Ok, so TT fashion designer Anya Ayoung Chee has a new website which you should check out here. For more information about Anya, visit here.

The Hoover Dam as functional art

Hoover Dam, which I visited on a recent US tour, was constructed between 1931 and 1936, and was dedicated on September 30, 1935 by President Franklin Roosevelt. Its construction was the result of a massive effort involving thousands of workers, and cost over a hundred lives. But today it is arguably striking example of function, meets art, meets politics.

READ more about the Hoover Dam here. FIND more posts about a recent US trip here.


Cambodian bronzes at the Sackler Gallery, DC

Maitreya is the bodhisattva (future Buddha) who may be born on Earth as soon as a few thousand years from now (just around the courner people!) The eight-armed form appears to be a Cambodian invention, but you never know... The above depiction was cast in a period (early 10th century) during which hardly any Buddhist images were commissioned and from which few bronzes survive. One of several extraordinary bronzes that were on display during a recent visit I paid to the Sackler Gallery, Washington.
READ more here. This post is one of a series on a recent visit to the United States. FIND out more here.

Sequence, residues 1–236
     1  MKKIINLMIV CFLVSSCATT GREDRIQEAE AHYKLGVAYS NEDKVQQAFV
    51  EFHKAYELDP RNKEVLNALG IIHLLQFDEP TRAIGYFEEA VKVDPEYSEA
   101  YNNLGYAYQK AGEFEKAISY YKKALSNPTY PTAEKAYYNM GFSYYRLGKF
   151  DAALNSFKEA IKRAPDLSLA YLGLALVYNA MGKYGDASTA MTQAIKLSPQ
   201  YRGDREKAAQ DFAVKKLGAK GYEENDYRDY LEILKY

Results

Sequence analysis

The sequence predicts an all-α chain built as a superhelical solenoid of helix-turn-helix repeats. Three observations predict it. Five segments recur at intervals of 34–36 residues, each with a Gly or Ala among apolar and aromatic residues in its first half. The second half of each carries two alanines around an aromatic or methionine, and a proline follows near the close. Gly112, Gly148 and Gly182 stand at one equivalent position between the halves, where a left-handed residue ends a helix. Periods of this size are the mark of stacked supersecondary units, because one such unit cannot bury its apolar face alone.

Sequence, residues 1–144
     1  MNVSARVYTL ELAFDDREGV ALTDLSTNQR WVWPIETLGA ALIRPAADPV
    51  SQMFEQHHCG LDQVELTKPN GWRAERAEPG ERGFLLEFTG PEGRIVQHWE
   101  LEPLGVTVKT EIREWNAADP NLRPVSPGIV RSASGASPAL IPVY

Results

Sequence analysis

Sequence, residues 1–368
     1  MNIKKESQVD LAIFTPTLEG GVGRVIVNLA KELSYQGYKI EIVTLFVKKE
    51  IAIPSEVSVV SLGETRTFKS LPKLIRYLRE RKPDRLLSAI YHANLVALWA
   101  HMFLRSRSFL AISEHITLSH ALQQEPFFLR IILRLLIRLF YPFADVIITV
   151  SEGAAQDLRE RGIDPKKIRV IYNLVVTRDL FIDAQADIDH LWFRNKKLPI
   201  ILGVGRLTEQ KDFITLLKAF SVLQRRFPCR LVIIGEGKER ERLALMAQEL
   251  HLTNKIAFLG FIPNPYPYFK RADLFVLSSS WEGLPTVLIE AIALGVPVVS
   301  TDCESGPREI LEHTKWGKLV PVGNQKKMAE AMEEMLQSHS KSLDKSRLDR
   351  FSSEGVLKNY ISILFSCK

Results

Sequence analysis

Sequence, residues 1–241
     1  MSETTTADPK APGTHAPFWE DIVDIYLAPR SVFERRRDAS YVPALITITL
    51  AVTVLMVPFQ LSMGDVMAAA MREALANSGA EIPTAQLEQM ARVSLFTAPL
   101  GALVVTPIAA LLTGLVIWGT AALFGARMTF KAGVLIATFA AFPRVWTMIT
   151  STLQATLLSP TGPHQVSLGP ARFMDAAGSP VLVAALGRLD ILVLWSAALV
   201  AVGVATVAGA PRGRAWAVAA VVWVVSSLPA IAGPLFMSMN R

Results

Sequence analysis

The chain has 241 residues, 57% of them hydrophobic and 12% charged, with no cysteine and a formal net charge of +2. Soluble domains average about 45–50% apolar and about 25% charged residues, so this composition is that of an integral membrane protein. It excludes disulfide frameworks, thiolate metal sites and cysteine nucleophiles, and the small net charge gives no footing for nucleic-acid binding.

GALLERY: Colour and emotion at the Hirschhorn, Wash DC

Paul Sharits, Shutter Interface (1975)

Jesus Rafael Soto, Two Volumes in the Virtual (1968)
Sol LeWitt, Wall Drawing #356 BB: Cube without a cube (2003)
Guido van der Werve,  Nummer Negen (#9) the day I didn't turn with the world (2007)
Ellworth Kelly,  Red Yellow Blue V (1968)
Andy Warhol, Self Portrait (1962)
Andy Warhol's Marilyn Monroe's Lips (1962)
Wolfgang Laib, Pollen from Hazelnut (1998-2000)
Fred Sandback Untitled Sculptural Study, Twelve-Part Vertical Construction) (1990)

READ more here.


In Dallas, a surprise gem

The nightlife was crap. If you didn't have a car, you couldn't go anywhere. Sounds familiar? Believe me, it's not. The soulless boredom of Dallas has a special quality. But if you manage to step out of your soporific stupor and find yourself near the Dallas Arts District, head straight for the Dallas Museum of Art, which is where I found myself one hot and dusty afternoon. 

On show at the time in the main hall was an incredible retrospective of the work of Belgian painter Luc Tuymans, one of my all-time favorites. There were 72 paintings, including Tuyman's portrait of former US Secretary of State Condoleeza Rice: 
Luc Tuymans, The Secretary of State, 2005, oil on canvas.

Also on display, for the first time ever, was rare video film footage produced by Tuymans during the brief period when he gave up painting and focused only on film in the 1980s. The footage was fascinating, but more so because of the insight it gave into Tuymans process, which often involves processing film images and stills.
Detail from Tuyman's Die Zeit, 1988.

But apart from the temporary Tuymans show, the DMA also boasted a robust permanent collection, including several important pieces well worth the visit.

Renee Magrite's The Light of Coincidences (1933) and Jean Arp's Classical Sculpture (1966).